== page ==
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New Federal Drug Sentencing Policies Mimic Current Arkansas Laws

Arkansas sentencing laws for drug offenses, in effect since 1993, are now serving as a model for federal prison reform, which could save taxpayers billions of dollars and shift the focus from punishment to rehabilitation.

The current system

There’s widespread agreement that the current federal drug crime sentencing laws — particularly their mandatory minimum sentences — are flawed. They have led to prisons overcrowded with drug offenders — many of whom are nonviolent or first-time convicts  — at a cost to taxpayers of $80 billion a year. The laws also base sentencing on the amount of drugs an offender is caught with, rather than more relevant factors such as his or her connection to more serious criminal activity.

The laws in Arkansas and federal reform

Instead of imposing mandatory minimum sentences on first-time drug criminals, Arkansas law allows nonviolent first-time offenders to serve probation. In September 2013, U.S. Attorney General Eric Holder announced modifications to the current federal sentencing practices that mimic the laws in Arkansas. Some of the key objectives include:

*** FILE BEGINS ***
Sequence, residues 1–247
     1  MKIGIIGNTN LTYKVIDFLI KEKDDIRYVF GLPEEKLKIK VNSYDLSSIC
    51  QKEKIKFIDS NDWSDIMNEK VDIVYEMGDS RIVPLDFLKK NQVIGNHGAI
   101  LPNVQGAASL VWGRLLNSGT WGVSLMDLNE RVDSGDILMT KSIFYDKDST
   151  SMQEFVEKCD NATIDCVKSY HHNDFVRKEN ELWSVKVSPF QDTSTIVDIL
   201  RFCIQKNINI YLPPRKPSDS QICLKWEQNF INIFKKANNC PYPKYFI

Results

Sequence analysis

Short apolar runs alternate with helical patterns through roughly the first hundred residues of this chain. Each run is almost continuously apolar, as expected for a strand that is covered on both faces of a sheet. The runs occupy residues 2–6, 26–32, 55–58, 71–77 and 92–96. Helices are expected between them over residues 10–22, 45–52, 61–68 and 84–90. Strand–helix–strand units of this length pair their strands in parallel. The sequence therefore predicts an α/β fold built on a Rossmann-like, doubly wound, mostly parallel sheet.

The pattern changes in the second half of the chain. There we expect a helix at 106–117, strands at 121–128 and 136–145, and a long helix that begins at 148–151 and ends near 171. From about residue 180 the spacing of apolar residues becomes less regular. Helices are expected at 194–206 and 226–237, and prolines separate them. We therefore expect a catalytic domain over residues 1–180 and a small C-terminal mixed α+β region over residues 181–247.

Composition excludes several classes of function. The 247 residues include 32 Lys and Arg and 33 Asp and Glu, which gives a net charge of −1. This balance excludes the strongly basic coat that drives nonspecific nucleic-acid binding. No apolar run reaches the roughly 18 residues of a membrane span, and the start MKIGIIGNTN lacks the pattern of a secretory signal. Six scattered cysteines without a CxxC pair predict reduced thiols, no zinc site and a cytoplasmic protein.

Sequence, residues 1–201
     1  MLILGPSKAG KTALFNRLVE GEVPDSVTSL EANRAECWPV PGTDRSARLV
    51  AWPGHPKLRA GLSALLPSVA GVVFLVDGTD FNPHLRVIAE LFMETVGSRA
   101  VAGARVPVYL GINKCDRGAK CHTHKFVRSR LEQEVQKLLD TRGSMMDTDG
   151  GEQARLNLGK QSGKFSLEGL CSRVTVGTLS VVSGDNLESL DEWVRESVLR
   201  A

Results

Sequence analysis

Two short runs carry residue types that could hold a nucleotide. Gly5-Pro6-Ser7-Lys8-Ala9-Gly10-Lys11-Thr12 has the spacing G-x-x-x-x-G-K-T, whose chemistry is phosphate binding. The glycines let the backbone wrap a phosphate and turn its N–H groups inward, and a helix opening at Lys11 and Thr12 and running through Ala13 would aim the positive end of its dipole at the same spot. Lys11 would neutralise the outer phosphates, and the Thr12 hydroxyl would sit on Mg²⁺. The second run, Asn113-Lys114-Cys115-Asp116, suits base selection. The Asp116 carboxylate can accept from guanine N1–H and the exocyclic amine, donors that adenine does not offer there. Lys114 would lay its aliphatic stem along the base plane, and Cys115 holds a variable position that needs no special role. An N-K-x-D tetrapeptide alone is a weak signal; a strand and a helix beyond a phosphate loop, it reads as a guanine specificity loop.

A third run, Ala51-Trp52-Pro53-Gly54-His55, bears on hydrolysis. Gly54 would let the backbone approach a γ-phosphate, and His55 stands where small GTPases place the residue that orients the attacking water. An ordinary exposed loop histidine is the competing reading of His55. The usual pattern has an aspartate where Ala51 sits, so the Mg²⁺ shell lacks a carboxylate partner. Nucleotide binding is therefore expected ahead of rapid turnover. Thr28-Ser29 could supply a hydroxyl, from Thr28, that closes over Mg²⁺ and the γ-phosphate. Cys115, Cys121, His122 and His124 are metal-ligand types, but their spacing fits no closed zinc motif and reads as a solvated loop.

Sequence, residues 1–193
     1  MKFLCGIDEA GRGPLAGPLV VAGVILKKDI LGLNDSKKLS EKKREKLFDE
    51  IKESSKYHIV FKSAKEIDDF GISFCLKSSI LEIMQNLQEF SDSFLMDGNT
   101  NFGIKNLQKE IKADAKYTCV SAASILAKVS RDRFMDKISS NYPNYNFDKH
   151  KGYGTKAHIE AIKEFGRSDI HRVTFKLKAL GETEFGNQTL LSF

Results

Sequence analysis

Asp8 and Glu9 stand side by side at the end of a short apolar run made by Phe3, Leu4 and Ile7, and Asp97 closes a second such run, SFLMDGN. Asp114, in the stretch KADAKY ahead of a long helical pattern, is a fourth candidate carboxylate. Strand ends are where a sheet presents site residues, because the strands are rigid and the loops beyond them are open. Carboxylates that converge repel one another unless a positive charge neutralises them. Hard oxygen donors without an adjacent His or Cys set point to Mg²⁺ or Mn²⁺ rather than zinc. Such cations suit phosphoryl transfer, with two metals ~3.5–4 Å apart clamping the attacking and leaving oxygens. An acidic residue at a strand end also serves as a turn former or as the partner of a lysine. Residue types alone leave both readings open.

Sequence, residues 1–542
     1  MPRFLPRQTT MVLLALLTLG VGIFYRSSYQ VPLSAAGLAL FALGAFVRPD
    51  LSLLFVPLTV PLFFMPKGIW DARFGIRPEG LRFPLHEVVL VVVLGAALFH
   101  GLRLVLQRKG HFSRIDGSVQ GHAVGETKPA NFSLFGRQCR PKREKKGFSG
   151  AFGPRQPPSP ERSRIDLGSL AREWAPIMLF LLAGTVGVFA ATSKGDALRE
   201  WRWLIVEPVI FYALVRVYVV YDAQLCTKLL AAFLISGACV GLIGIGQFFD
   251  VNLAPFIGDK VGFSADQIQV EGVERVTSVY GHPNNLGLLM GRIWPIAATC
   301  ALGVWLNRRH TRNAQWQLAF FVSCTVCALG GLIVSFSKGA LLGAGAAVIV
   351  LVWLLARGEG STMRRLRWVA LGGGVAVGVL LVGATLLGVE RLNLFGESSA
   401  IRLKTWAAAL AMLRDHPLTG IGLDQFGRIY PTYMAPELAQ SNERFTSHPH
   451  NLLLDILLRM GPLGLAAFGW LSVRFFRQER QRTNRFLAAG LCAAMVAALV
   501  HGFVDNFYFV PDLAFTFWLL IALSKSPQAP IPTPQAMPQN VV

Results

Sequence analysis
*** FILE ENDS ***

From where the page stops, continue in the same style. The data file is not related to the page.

• Adjust guidelines to reduce the number of nonviolent criminals in prison, thus cutting taxpayer costs
  • Reserve prison sentences for repeat offenders, violent offenders and offenders with ties to trafficking operations, cartels, kingpins or gang activity
  • Release elderly drug offenders who have served long sentences
  • Emphasize public safety, deterrence and rehabilitation when it comes to drug crimes 

The response to the reforms has generally been favorable. The biggest hurdle, analysts say, will be changing the mindset of federal prosecutors who have long been encouraged to aggressively pursue stiff sentences for all drug offenders.

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